Islamic Shrine Lethally Attacked By Gunman

According to official reports, an assailant opened fire at a revered shrine in south Iran last weekend, killing one and wounding eight.

The Shiite pilgrimage site of Shah Cheragh in the city of Shiraz was attacked, and officials have not yet provided a reason.

Sunni fanatics of the Islamic State, who consider Shiites to be heretics, have previously attacked Iran. Tensions with the West have also contributed to Iran’s ongoing unrest and economic upheaval.

According to Iranian state media, Fars provincial governor Mohammad Hadi Imanieh said a lone shooter carried out the assault and was subsequently apprehended. There was no explanation for the assault.
After the incident, cameras captured security personnel stationed at one of Shah Cheragh’s gates before sunset. When police and government officials finally arrived at the shrine, they loaded the injured into ambulances and transported them away.

The Shiite holy site of Shah Cheragh is among the top five in all of Iran. Shiraz, located around 420 miles south of Tehran, benefits from this influx of pilgrims.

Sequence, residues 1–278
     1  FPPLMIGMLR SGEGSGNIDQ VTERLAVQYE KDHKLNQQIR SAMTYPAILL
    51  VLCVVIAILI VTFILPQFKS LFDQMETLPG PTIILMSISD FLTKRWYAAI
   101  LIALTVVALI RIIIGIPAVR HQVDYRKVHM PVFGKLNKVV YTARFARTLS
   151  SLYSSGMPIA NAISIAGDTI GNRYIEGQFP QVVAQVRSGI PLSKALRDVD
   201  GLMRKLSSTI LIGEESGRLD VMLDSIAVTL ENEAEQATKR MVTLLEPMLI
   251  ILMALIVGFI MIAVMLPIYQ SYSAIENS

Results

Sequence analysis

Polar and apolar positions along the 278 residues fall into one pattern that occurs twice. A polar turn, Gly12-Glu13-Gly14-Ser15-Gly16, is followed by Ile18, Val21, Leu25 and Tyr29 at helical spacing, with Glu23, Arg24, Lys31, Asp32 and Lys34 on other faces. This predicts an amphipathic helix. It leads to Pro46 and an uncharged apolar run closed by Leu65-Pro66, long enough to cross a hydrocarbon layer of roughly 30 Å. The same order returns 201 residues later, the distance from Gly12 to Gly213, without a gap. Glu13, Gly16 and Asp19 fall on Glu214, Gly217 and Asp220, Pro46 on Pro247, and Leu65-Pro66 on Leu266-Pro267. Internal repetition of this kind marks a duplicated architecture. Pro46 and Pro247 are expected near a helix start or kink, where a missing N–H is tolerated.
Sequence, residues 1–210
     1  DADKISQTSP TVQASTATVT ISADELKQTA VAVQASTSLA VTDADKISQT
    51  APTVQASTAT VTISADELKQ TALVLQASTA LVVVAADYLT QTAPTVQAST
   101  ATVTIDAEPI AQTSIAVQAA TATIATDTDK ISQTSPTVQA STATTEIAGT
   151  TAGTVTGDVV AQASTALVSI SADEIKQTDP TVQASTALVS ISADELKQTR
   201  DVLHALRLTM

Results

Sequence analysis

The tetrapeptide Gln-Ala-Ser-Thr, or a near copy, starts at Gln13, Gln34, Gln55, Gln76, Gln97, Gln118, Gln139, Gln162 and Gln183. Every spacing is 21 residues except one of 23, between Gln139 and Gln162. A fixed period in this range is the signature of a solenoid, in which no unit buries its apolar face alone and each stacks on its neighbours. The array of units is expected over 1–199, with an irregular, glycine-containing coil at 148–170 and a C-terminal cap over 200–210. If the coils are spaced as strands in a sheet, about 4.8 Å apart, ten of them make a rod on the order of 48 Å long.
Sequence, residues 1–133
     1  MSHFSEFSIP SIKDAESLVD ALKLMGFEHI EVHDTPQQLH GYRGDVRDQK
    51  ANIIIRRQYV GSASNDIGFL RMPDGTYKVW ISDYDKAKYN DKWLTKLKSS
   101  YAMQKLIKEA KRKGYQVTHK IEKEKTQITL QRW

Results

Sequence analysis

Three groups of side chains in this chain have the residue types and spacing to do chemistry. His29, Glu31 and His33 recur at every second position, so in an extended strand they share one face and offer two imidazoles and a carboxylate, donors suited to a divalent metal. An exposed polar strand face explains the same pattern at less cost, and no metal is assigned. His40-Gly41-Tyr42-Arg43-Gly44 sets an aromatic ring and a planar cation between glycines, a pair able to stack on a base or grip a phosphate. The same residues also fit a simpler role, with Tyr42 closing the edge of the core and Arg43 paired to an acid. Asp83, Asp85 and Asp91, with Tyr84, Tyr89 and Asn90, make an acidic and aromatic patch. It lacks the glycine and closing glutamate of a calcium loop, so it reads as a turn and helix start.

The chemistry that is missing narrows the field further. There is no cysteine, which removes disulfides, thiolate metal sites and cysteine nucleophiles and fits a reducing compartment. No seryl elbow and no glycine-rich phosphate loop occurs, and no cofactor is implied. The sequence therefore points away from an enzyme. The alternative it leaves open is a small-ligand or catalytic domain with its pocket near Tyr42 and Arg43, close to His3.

The attack was not claimed by any party.

According to a report, while the Sunni and Shia branches of Islam share many of the same core beliefs and practices, they have been at odds for the better part of the last 14 centuries. Disagreements began when followers of the Prophet Muhammad couldn’t agree on who should take over as head of the Islamic religion.

Approximately 85% of the world’s 1.6 billion Muslims are Sunni, and 15% are Shia.

Sunnis constitute a majority in over forty countries, ranging from Indonesia to Morocco, whereas Shia makes up the majority in Iran, Iraq, Azerbaijan, Bahrain, and Lebanon.

The report reveals that Sunni and Shia are old expressions of identity, but they gain prominence when the culture collapses. They have been at odds for centuries, but the fact that they were able to cohabit peacefully for so long implies that their disagreements have less to do about religion than money and power.